Understanding how the knee joint environment affects cartilage cells is crucial for joint health. Knowledge of cell-driven cartilage degeneration mechanisms can support the development of effective pharmaceutical interventions for osteoarthritis.
The burden of musculoskeletal diseases, such as osteoarthritis, is increasingly affecting patients' quality of life and bringing enormous costs to health care. In efforts to reduce the burden of the disease, computational models have been developed to predict cartilage degeneration onset and progression. Current knee joint models have shed light on the development of biomechanical joint forces during walking, and on the severity of joint inflammation. However, cell-tissue-level computational models have gained much less attention, even though cells contribute remarkably to tissue changes in cartilage. Thus, a better understanding of early osteoarthritis mechanisms at the cell- and tissue-levels is needed to enable the prediction of early disease progression. In addition, these models could also open new avenues for model-guided pharmaceutical research aiming to mitigate osteoarthritis progression.
As a collaborative work between the University of Eastern Finland (UEF), Lund University (LU), the University of Iowa (UIOWA), and Massachusetts Institute of Technology (MIT), researchers have now incorporated the influence of cells in a new numerical model to discover degeneration processes in mechanically loaded and inflamed cartilage. This model considers different forms of cell death, oxidative stress, and pro-inflammatory biomolecules. As in previous biological experiments, the model predicted that injurious loading causes aggressive cell damage and cartilage degeneration near cartilage lesions, whereas inflammation induces widespread degeneration also in the intact regions.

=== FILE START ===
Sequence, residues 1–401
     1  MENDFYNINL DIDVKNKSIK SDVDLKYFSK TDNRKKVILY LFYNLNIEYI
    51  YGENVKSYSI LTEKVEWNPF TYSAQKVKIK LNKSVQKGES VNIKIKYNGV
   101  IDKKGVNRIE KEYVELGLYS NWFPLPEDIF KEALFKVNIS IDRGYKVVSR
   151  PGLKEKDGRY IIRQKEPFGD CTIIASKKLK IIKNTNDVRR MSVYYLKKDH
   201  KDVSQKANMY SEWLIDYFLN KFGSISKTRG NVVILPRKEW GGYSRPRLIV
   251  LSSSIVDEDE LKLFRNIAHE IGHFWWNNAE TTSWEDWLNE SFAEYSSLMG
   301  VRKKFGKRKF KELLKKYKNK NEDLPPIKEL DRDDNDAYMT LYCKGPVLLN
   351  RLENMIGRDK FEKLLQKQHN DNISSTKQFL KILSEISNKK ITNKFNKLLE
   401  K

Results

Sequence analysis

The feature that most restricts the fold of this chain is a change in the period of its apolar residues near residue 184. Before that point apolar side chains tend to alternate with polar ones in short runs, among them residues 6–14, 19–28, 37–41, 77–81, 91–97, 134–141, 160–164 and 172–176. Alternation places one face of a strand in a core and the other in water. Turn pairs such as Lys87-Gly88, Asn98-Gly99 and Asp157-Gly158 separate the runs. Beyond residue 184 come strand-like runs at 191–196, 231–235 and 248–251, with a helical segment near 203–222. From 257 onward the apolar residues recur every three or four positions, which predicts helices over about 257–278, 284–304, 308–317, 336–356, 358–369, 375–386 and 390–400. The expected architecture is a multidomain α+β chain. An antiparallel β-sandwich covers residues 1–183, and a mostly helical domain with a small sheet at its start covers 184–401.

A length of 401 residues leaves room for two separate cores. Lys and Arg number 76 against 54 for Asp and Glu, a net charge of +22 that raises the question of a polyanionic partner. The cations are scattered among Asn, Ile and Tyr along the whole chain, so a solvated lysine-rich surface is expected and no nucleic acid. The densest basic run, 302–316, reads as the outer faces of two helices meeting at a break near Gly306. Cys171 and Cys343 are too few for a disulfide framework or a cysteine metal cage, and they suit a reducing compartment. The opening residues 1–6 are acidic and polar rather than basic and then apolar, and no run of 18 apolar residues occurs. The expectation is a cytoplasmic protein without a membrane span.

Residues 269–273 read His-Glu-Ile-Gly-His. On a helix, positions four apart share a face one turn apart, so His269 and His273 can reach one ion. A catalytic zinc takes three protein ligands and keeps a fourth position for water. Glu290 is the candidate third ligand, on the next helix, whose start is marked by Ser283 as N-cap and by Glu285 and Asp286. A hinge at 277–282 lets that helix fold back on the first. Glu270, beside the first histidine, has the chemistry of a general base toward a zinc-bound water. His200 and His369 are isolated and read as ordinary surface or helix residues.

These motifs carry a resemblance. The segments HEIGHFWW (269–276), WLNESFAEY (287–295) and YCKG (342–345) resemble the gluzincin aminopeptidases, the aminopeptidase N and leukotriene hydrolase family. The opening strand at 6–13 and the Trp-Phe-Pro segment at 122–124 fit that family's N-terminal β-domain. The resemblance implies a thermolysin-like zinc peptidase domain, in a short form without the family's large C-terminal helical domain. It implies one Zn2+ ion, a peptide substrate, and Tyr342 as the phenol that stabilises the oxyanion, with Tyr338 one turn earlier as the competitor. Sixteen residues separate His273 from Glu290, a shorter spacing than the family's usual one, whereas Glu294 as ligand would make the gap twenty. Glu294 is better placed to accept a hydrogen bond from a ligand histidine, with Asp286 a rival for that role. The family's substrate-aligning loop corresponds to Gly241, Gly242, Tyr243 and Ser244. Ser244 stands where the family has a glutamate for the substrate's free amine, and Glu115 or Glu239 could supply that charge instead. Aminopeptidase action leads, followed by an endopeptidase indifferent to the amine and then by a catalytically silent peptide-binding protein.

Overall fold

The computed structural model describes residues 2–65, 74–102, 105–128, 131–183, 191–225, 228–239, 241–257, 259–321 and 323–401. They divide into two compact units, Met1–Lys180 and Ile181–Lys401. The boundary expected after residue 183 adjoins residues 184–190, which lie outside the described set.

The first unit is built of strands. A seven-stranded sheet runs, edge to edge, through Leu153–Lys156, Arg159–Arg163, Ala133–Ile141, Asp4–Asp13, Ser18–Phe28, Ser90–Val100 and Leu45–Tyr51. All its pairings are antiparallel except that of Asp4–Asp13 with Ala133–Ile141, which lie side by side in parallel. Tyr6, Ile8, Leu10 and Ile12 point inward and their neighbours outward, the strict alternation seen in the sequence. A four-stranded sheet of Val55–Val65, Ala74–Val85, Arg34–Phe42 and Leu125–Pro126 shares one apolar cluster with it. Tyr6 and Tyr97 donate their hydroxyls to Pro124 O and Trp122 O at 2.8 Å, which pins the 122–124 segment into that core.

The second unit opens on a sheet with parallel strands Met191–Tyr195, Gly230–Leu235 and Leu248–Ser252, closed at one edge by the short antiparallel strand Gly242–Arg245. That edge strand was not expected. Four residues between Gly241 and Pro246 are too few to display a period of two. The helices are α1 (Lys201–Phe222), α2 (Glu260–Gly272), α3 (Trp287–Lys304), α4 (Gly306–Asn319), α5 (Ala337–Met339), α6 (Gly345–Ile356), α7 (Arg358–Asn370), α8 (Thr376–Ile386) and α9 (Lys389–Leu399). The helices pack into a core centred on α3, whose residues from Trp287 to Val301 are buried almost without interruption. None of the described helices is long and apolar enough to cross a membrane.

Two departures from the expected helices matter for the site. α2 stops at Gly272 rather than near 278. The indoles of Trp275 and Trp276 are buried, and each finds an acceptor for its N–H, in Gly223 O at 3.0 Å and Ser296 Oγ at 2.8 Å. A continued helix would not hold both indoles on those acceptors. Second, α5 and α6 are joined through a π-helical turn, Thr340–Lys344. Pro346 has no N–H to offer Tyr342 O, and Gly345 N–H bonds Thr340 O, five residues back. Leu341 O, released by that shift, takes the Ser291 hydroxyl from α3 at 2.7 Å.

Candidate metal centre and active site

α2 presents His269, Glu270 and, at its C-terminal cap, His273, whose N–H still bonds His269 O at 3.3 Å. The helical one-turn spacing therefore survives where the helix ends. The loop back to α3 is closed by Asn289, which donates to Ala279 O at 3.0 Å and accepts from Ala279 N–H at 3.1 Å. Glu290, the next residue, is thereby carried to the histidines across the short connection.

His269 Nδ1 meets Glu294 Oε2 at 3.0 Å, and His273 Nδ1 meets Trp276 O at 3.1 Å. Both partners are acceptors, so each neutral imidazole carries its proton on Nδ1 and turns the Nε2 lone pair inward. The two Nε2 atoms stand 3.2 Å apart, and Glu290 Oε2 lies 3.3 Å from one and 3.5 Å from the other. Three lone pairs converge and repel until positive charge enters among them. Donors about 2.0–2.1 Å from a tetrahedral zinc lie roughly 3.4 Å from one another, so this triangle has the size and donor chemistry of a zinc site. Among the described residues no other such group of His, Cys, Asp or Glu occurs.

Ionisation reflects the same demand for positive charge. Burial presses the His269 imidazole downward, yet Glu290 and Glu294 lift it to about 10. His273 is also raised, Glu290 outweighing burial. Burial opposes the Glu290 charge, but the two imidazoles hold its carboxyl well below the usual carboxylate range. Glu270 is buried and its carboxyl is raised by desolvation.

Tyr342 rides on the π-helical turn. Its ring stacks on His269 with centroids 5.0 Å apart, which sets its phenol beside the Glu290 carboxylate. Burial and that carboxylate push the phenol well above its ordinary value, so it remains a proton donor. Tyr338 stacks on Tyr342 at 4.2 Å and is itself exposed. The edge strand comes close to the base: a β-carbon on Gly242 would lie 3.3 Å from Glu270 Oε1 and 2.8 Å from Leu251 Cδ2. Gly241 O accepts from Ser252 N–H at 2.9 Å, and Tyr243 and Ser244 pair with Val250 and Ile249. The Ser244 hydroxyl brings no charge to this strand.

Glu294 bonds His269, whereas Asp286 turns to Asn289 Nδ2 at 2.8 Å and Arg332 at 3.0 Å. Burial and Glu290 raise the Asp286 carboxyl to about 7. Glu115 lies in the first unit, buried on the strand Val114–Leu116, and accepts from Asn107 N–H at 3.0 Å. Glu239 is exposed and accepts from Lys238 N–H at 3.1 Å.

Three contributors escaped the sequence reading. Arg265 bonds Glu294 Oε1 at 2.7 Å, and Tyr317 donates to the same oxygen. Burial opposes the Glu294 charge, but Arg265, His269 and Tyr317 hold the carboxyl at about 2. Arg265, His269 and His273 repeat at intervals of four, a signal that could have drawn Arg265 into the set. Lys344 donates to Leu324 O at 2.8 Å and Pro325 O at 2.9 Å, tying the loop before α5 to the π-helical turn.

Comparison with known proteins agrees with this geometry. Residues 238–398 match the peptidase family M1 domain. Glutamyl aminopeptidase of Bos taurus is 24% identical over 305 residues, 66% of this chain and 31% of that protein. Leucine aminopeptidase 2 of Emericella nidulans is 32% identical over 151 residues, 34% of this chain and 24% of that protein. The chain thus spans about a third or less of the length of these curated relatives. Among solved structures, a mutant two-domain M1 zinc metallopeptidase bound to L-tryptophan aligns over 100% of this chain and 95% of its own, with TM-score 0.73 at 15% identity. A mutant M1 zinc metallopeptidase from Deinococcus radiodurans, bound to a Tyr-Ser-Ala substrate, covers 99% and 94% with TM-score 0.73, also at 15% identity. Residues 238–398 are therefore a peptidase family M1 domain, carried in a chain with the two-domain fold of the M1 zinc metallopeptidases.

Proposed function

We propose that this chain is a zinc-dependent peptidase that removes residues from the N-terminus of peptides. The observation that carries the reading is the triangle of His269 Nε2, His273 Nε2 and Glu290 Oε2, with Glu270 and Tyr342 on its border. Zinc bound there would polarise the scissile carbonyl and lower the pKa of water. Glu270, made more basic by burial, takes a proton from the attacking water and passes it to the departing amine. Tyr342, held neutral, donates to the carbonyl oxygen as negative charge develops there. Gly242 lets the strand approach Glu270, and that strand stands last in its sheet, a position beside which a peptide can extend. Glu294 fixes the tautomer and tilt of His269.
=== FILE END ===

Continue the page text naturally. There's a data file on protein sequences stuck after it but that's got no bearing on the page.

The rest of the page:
Interestingly, mitigation of inflammation led to a partial recovery of the cartilage composition consistent with previous literature. This result suggests that the approach could help in pinpointing potential targets for new early intervention strategies and it has great potential to serve as a computational "test track" for different anti-inflammatory or anti-oxidative drug treatments, for example.
"After thorough calibration, the model could provide valuable information to assess drug delivery and effects of therapeutic treatments in cartilage. Thus, in our ongoing work with the University of Iowa, we will utilise the model to study the effectiveness of their antioxidative drug candidate. The model could help in assessing when the drug should be injected into the joint to get the greatest benefit, and what dosage should be used for a certain patient. These factors in a knee joint, for example, may depend on the mechanical and inflammatory aspects of each patient, both of which can be considered with our computational model," says the study's lead author, Doctoral Researcher Joonas Kosonen of the University of Eastern Finland.
The study has received funding from the Doctoral Programme in Science, Technology and Computing (SCITECO), strategic funding of the University of Eastern Finland, the Academy of Finland (grant nos. 334773 -- under the frame of ERA PerMed, 324529), Novo Nordisk Foundation (grant no. NNF21OC0065373, the Center for Mathematical Modeling of Knee Osteoarthritis (MathKOA)), Alfred Kordelin Foundation (grant no 190317), Maire Lisko Foundation, Sigrid Juselius Foundation, Saastamoinen Foundation, Instrumentarium Science Foundation, the Swedish Research Council (2019-00953 -- under the frame of ERA PerMed).
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